Colorectal cancer Outcomes in people with Severe Mental Illness Cohort (COSMIC): a protocol for an Australian retrospective cohort using linked administrative data

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BMJ Open. 2021 Jun 8;11(6):e044737. doi: 10.1136/bmjopen-2020-044737.


INTRODUCTION: Colorectal cancer (CRC) mortality is significantly higher in those with severe mental illness (SMI) compared with the general population, despite similar incidence rates, suggesting that barriers to optimal screening and cancer care may contribute to disparities in CRC mortality in those with SMI. This study aims to compare participation in Australia’s National Bowel Cancer Screening Programme (NBCSP) in those with SMI and those in the general population. We will also investigate treatment pathways after diagnosis to determine whether treatment variations could explain differences in CRC mortality.

METHODS AND ANALYSIS: We will undertake a retrospective cohort study of Australians using linked administrative data to assess differences in screening and cancer care between those with and without SMI, aged 50-74 years on or after 1 January 2006. People with SMI will be defined using antipsychotic medication prescription data. The comparison group will be people enrolled in Medicare (Australia’s universal healthcare system) who have not been prescribed antipsychotic medication. Data on outcomes (NBCSP participation, follow-up colonoscopy, CRC incidence and CRC-cause and all-cause mortality) and confounders will be obtained from national-based and state-based administrative health datasets. All people in New South Wales, aged 50-74 with a new diagnosis of CRC on or after 1 January 2006, will be ascertained to examine stage at diagnosis and cancer treatment in those with and without SMI. Poisson regression will be used to calculate incidence rates and rate ratios for each outcome.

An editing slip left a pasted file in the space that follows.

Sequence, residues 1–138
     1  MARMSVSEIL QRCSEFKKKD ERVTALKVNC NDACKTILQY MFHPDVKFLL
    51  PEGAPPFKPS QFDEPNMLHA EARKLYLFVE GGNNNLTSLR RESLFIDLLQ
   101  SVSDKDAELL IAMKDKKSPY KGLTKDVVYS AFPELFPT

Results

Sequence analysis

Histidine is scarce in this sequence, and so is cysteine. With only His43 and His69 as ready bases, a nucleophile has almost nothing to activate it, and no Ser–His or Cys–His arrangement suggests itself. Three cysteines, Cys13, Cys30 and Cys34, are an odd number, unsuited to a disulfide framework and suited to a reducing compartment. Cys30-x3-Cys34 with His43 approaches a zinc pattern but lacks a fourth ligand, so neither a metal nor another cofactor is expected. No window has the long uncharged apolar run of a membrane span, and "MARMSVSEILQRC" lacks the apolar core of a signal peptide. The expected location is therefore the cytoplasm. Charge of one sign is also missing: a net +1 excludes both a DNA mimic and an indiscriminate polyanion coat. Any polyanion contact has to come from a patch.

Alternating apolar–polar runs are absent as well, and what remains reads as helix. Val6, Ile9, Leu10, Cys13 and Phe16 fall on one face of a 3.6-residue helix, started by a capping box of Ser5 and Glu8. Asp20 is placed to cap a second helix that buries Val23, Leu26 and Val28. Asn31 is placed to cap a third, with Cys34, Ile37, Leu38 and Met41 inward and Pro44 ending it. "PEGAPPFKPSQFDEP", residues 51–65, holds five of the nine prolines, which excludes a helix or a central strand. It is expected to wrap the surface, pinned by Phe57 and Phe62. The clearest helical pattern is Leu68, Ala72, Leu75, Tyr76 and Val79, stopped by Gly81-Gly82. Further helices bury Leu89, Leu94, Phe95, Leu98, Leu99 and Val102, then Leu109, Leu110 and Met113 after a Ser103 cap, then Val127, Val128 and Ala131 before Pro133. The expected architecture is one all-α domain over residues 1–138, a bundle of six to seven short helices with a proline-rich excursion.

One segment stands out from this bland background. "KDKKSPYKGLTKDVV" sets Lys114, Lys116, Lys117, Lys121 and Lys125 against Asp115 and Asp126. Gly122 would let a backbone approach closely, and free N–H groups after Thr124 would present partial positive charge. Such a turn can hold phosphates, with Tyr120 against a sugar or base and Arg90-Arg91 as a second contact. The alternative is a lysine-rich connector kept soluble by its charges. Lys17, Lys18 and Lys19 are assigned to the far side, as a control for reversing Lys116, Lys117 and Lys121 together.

ETHICS AND DISSEMINATION: Ethics approval has been obtained from the University of Queensland Human Research Ethics Committee, the Australian Institute of Health and Welfare Ethics Committee and data custodians from every Australian State/Territory. Findings will be disseminated via publications in peer-reviewed journals and presented at appropriate conferences.


PMID:34103315 | DOI:10.1136/bmjopen-2020-044737